10 TOOL KIT Finding Your Innovation Sweet Spot Beyond Product Development that the boxes were more than mere containers of matches or tacks; they had an existence separate from what they contained and thus could be used as construction objects. The patterns of innovation work the same way: They upset developers assumptions about the fixedness of products. In the first television sets, for example, the controls were always at the bottom. This was a minor annoyance to users, who had to bend over awkwardly to change the dials; more important, it severely limited the design of TV sets. But the controls had to be there because, if these fragile devices were on top or on the side of the television, the heat rising from the cathode tubes would damage them. After a decade or so, the problem disappeared: Electrical devices had improved to the point where television controls could work well in a warm console and, in any case, the cathode tubes weren t throwing off so much heat. But the controls stayed at the bottom for decades, until product developers realized they could put them wherever they wanted. If they had applied an innovation pattern that forced them to confront their assumptions about product structures, they might have changed the design much earlier. (The innovation patterns we describe can help companies break out of The innovation concepts of Russian engineer Genrich Altshuller have been applied to numerous areas outside engineering and product development. We ve found that Altshuller s theories on patterns also work quite well in, of all places, advertising. Our research indicates that some three-quarters of award-winning advertisements television, print, and outdoor can be classified according to a handful of patterns. By contrast, these patterns can be identified in fewer than a quarter of ads that haven t won any awards. Indeed, some of the patterns used in product development are clearly seen in advertising. For example, a television commercial for Amnesty International created by McCann-Erickson in Singapore illustrates the power of subtraction. The agency s creative team removed a seemingly essential component of commercials: images. The commercial begins with a plain blue screen with this text: The following images are considered too horrific to be seen and are therefore censored. Second screen, all red: In Bosnia, a mother is made to watch the rape of her four-year-old daughter. The next two screens look the same: pure text describing scenes as horrible as the first. On the fifth screen: Just because you can t see it doesn t mean it s not happening. Last screen: Amnesty International. Let s see it stop. This spot, without a single image, exhibits characteristics common to ads that apply the subtraction pattern. It arouses curiosity and stands out from the clutter because viewers immediately notice the absence of an expected component. It shows respect for viewers, since they are trusted to fill in the missing information by themselves. And, not insignificantly, production costs are minimal. fixedness in many contexts, including advertising. See the sidebar Beyond Product Development. ) The patterns or templates process also yields results because the human mind tends to work best within the confines of a defined problem. To be sure, the traditional brainstorming session breaking rules and freely following your imagination wherever it takes you can yield highly innovative products. But for all its supposed openness, brainstorming can end up being surprisingly narrow-minded. The first step is to consider all ideas, no matter how crazy. But then you have to trim what is sure to be a substantial list of ideas to a manageable number. So what do you do? Apply quick, common-sense judgment, which usually eliminates the ideas with the greatest potential novelty. By contrast, an innovation pattern typically generates a manageable number of ideas, each of which is given a preliminary plausibility check as part of the ideation process itself. Furthermore, a brainstorming session can produce, even before the winnowing process begins, fewer truly useful ideas than a more defined process. That s because thinking within a frame of reference enhances inventive productivity: Limited by its inherent rules and constraints, you are more likely to recognize the unexpected idea. Indeed, research by cognitive psychologist Ronald A. Finke has found that creative discoveries are more likely to emerge when people analyze a novel form and then imagine the function such a form might perform than when they try to come up with optimal forms to achieve a particular function. Do this simple experiment. Try coming up with an exciting innovation any innovation. Give yourself a minute, and write down what you get. Now pick a simple object on your desk, imagine splitting it in two somehow, and think what benefits this new form might offer you. Between the two attempts at idea generation, you re likely to come up with a more exciting result using the second method. That s because people tend to be paralyzed when facing a 10 harvard business review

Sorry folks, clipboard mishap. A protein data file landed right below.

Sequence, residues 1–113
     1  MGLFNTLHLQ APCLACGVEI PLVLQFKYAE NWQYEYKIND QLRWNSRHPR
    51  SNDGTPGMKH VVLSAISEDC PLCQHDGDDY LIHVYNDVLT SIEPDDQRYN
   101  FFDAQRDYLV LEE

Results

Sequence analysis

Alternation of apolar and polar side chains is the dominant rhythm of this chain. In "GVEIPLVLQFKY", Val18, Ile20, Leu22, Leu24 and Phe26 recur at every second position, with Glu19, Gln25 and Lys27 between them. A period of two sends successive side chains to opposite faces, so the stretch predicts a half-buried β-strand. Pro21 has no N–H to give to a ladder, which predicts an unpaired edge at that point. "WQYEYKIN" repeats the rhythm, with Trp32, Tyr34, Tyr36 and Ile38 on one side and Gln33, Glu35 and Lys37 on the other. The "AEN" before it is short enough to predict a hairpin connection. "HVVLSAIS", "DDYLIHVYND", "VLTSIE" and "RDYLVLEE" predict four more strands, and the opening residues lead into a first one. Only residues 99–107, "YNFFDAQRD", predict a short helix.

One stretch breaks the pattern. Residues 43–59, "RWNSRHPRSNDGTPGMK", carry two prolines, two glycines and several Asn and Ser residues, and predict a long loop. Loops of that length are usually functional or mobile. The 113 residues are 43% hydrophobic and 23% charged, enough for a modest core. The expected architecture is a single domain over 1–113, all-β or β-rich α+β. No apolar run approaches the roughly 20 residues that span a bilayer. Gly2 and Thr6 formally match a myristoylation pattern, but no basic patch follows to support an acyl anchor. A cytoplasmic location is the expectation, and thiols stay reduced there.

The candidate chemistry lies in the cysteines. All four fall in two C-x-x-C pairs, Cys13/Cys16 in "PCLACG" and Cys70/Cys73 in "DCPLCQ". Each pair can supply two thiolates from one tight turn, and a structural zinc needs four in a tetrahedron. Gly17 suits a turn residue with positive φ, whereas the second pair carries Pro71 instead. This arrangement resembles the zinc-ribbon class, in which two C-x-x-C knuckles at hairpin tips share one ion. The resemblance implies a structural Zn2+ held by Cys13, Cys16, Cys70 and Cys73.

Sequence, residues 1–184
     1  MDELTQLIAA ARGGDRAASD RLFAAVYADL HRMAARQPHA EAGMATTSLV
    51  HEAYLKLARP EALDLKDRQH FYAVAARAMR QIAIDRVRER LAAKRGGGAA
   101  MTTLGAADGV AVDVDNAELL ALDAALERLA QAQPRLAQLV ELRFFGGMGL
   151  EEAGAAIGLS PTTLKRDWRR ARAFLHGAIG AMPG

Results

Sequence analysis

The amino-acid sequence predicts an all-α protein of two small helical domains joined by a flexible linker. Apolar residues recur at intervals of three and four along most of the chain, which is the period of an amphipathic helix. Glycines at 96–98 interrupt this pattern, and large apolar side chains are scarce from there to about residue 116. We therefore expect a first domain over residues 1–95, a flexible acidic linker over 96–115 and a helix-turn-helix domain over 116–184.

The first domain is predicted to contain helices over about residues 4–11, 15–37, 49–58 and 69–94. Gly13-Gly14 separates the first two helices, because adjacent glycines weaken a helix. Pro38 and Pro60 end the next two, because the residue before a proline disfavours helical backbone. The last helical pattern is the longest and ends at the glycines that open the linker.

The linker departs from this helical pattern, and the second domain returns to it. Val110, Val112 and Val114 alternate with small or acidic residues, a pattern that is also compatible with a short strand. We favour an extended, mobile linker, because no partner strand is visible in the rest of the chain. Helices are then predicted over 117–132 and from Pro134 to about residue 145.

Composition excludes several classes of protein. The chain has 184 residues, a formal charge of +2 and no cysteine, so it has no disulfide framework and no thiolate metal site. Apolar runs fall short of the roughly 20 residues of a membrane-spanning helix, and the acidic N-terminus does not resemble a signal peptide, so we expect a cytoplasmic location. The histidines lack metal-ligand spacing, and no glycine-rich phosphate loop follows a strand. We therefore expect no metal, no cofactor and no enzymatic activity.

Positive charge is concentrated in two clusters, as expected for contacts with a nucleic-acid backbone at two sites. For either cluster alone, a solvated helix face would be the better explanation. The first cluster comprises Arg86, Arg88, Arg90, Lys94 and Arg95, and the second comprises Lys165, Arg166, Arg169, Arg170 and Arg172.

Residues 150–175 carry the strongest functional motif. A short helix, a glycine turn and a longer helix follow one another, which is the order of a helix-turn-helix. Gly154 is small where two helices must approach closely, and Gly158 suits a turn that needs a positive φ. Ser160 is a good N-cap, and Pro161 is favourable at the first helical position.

11 Finding Your Innovation Sweet Spot TOOL KIT blank slate but generative when given a framework in which to be creative. A Complementary Approach It s important to emphasize that the process we have described, while rigorous, isn t mindlessly formulaic. We have heard some product developers initially complain that imposing these patterns seems to take the fun out of their work. One developer at Johnson & Johnson jokingly compared the patterns to slave drivers. But the process, by forcing developers to follow a certain path, can actually make the creative challenges more interesting. In another example of applying the multiplication pattern, Kapro developers working on a next-generation leveling tool added not another physical vial but a virtual vial, in the form of a mirror that reflects the image of the physical vial. This led to the Plumbsite feature, which allows the air bubble in a vertical level to be seen from a sight line perpendicular to the wall; carpenters don t have to turn, squeeze their faces against the plasterboard, and look parallel to the wall surface to see the vial. The new tool has saved many carpenters from eye and neck strain while also improving the accuracy of vertical levels. Let us also emphasize that the process we have described isn t meant to replace all of a company s product development methods. Most large firms have invented hundreds of successful new products over the years, and it would be presumptuous and unwise of us to say they should abandon the methods that have produced that output. Certainly, paying attention to your customers is crucial and allows you to gain vital information about market opportunities and the products that could capitalize on them. But a method that focuses on the product What is essential? What can be rearranged, removed, or replicated in new ways? can enhance a company s current idea generation methods and vastly improve its development pipeline. Imposing the discipline of patterns may be just what s needed to guide product developers to the sweet spot of innovation. Reprint r0303j To place an order, call